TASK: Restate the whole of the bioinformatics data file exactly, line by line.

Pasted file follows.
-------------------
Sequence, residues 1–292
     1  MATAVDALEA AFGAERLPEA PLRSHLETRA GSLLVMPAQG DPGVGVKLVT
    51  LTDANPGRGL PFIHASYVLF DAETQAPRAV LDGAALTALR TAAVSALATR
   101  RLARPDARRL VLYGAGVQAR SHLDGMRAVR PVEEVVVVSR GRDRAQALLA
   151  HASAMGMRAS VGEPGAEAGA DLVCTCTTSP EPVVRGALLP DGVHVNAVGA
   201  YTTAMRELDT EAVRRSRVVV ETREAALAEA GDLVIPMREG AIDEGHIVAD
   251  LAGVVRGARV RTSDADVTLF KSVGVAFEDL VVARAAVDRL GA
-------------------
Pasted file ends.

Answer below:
Sequence, residues 1–292
     1  MATAVDALEA AFGAERLPEA PLRSHLETRA GSLLVMPAQG DPGVGVKLVT
    51  LTDANPGRGL PFIHASYVLF DAETQAPRAV LDGAALTALR TAAVSALATR
   101  RLARPDARRL VLYGAGVQAR SHLDGMRAVR PVEEVVVVSR GRDRAQALLA
   151  HASAMGMRAS VGEPGAEAGA DLVCTCTTSP EPVVRGALLP DGVHVNAVGA
   201  YTTAMRELDT EAVRRSRVVV ETREAALAEA GDLVIPMREG AIDEGHIVAD
   251  LAGVVRGARV RTSDADVTLF KSVGVAFEDL VVARAAVDRL GA